Isn’t it hard to generalize about therapy when each person with autism presents a unique set of issues?
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Thanks to Colleen for thinking of me. My first response would be to discuss your concerns with your primary care physician. Of course, I would make certain that your serum Cr levels are outside of the normal range for the laboratory that performed the analysis. Review with your physician all medications, including supplements, that you are taking. There are many possible causes for chronic kidney disease (CKD) and all of them should be excluded if your physician is at all concerned. Your levels are not very high, as you know, but if subsequent follow-up reveals increasing levels, then a thorough evaluation is required. Referral to kidney specialists is not usually indicated at these low levels of creatinine, but your concern is justified if they go up. I have personal experience (and I am over 4X your age) with CKD, with levels of serum Cr around 1.6 to 1.8 over the past 5 years or so, but with no distinct upward trend. I have had ultrasound exams of the kidneys, and recently underwent cystoscopic examination. My nephrologist has been ordering tests over the past two years to exclude every possible cause of CKD, and we are left with possibly mild hypertension as a possible explanation. My BP is normal now on no medication. I have no symptoms, and the plan is to get checked annually. You have a long life ahead of you, and you are correct in wishing to protect your kidneys from damage of any kind. Only a thorough evaluation and sustained follow-up will ensure this. Good luck! One last thing: Make sure your protein intake does not exceed the recommended levels!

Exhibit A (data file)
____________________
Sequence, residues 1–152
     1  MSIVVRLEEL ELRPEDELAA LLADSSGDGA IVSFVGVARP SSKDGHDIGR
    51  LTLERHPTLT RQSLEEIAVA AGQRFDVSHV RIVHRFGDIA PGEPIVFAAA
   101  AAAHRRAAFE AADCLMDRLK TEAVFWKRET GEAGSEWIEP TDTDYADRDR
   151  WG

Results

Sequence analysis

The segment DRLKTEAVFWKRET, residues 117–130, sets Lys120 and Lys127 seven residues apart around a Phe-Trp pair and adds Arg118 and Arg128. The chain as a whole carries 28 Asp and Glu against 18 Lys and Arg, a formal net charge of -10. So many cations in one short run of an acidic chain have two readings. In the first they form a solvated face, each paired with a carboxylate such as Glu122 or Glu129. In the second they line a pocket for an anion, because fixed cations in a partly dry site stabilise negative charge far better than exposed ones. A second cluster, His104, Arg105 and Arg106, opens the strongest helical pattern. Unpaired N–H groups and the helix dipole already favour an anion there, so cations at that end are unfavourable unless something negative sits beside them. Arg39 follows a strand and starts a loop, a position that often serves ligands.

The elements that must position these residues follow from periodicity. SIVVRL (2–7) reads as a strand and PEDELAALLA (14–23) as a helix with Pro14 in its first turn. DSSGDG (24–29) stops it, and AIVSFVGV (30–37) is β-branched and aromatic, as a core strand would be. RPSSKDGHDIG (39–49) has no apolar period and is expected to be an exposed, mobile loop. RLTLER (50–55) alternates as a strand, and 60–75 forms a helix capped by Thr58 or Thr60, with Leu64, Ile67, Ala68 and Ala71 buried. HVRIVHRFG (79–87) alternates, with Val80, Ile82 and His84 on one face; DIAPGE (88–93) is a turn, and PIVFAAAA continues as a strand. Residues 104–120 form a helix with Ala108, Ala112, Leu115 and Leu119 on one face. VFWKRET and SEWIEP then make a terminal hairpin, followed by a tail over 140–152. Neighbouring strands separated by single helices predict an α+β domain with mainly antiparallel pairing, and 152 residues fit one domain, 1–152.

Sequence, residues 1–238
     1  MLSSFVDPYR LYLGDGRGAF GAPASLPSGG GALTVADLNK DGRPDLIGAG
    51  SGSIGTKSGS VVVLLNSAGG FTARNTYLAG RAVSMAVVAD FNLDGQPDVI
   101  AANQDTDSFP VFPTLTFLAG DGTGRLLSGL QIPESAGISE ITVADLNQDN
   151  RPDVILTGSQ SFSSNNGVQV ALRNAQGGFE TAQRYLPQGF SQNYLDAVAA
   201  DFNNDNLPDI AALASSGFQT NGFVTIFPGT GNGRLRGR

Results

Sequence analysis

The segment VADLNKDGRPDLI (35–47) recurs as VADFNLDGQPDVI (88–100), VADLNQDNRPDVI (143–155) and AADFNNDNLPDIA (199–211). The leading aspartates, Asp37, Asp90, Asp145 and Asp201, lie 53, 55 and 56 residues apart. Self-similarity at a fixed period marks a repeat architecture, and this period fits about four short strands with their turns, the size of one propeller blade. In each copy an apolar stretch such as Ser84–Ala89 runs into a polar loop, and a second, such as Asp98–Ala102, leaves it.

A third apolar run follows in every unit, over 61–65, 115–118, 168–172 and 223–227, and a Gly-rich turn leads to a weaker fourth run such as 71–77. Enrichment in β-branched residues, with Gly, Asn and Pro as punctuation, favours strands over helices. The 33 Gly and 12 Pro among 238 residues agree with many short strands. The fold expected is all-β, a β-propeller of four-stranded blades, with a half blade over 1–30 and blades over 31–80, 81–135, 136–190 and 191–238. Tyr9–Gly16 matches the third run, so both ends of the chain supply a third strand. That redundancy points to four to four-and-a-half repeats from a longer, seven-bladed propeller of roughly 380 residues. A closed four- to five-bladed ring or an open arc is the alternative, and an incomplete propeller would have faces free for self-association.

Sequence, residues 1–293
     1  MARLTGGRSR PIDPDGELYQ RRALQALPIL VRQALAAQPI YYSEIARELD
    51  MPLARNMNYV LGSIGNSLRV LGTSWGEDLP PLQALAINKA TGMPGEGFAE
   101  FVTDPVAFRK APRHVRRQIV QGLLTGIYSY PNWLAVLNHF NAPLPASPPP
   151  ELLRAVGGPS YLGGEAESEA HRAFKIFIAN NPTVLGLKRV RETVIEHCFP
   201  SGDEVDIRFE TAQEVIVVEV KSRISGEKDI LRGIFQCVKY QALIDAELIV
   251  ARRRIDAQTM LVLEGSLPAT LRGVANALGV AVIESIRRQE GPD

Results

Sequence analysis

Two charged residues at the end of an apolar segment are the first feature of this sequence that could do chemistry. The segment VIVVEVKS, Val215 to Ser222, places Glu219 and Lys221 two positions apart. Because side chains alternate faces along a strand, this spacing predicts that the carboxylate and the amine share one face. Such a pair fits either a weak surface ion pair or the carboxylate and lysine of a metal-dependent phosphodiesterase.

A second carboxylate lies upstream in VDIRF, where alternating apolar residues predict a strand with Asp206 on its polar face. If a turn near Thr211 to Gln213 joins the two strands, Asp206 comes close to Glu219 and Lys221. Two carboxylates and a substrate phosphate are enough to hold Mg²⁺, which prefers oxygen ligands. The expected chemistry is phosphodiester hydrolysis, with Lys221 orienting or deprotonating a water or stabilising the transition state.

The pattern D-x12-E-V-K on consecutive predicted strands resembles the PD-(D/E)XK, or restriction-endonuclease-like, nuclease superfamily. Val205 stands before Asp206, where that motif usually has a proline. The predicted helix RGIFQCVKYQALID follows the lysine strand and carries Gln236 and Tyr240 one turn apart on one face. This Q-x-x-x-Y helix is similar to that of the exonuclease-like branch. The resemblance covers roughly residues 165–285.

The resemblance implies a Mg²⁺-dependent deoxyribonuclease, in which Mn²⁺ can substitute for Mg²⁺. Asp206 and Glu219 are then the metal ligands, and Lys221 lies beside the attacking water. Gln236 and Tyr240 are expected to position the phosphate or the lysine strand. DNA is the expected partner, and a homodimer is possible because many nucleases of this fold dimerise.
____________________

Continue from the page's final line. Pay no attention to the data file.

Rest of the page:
Sep 20, 2016 · difficulty diagnosing gallbladder wall thickening USING ULTRASOUND??? in Cancer
That test might be a HIDA scan, which is performed in a nuclear medicine lab (often found together with radiology in a department of diagnostic imaging). This test not only takes an image of the gallbladder but measures the completeness of emptying of the organ.
Sep 19, 2016 · difficulty diagnosing gallbladder wall thickening USING ULTRASOUND??? in Cancer
I would love to hear more bout that test. It is reminiscent of the fatty meal that used to be given after certain oral cholecystograms, or OCGs, which utilized X-rays. I suspect that ultrasound has replaced X-rays for gallbladder studies, however.
Sounds good to me! Thanks for this….and all the best!
Hi Civility: I certainly have no intention of interfering with your care. Not being familiar with your findings, history, exam and imaging studies, I would be ill-advised to recommend a course of action. I was making a generality—that when someone has a symptom, and an xray, ultrasound or other study shows something unusual in an area not related to your symptoms, pursuing it can result in a “cascade” of unnecessary follow-up tests, sometimes at great expense, discomfort and even risk. If your physician suspects something abnormal in your gallbladder and recommends an MRI, you should trust his/her judgement if you feel they are acting in your interest.
At first I thought that two radiologists had given different interpretations of the same US study. Colleen’s comment implies that you had two different exams. Differences in technique might count for different interpretations. If it was one exam with two readings by different radiologists< that's easily explainable by observer variation. It gets really tricky when an exam is interpreted by the same observer on two separate occasions_---and they disagree. That happens. I think it"s called intra-observer variation. Bottom line: if there are no symptoms, incidental findings can generally be ignored.
Agree with @johnwburns. AS an elderly person, I probably have a decrease in B12 absorption, and when I mentioned I had mild peripheral neuropathy symptoms, my internost obtained a serum B12 level—and it was decreased (I’m 84). I started on sublingual B12 and in a very short time the level was back to normal. Fortunately B12 has no side-effects and is completely safe at almost any dose. And it is stored in the liver; so it may take a while for a deficiency to show up (say, after becoming a vegan, as I did for nearly a year when I was 75). As a gastroenterologist, I am also aware of the many GI causes of B12 deficiency; so the advice to get an evaluation is sound. BTW, the mild peripheral neuropathy (mild numbness in parts of the feet) is still there, but I take the b12 anyway….